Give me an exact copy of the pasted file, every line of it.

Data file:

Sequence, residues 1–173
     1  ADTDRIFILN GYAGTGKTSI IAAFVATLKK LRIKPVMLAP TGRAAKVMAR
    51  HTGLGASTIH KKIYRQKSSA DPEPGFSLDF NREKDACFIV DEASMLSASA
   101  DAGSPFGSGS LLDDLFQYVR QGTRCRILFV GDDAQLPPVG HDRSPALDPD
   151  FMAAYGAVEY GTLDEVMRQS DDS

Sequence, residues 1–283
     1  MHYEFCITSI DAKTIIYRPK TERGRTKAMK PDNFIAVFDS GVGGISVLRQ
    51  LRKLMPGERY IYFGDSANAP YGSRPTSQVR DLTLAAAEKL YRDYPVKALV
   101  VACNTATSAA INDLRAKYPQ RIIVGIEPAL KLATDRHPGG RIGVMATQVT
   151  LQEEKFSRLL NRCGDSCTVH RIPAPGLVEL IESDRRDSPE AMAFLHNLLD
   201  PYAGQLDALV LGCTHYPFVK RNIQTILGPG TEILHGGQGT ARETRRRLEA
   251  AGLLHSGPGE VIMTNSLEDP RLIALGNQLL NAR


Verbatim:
Sequence, residues 1–173
     1  ADTDRIFILN GYAGTGKTSI IAAFVATLKK LRIKPVMLAP TGRAAKVMAR
    51  HTGLGASTIH KKIYRQKSSA DPEPGFSLDF NREKDACFIV DEASMLSASA
   101  DAGSPFGSGS LLDDLFQYVR QGTRCRILFV GDDAQLPPVG HDRSPALDPD
   151  FMAAYGAVEY GTLDEVMRQS DDS

Sequence, residues 1–283
     1  MHYEFCITSI DAKTIIYRPK TERGRTKAMK PDNFIAVFDS GVGGISVLRQ
    51  LRKLMPGERY IYFGDSANAP YGSRPTSQVR DLTLAAAEKL YRDYPVKALV
   101  VACNTATSAA INDLRAKYPQ RIIVGIEPAL KLATDRHPGG RIGVMATQVT
   151  LQEEKFSRLL NRCGDSCTVH RIPAPGLVEL IESDRRDSPE AMAFLHNLLD
   201  PYAGQLDALV LGCTHYPFVK RNIQTILGPG TEILHGGQGT ARETRRRLEA
   251  AGLLHSGPGE VIMTNSLEDP RLIALGNQLL NAR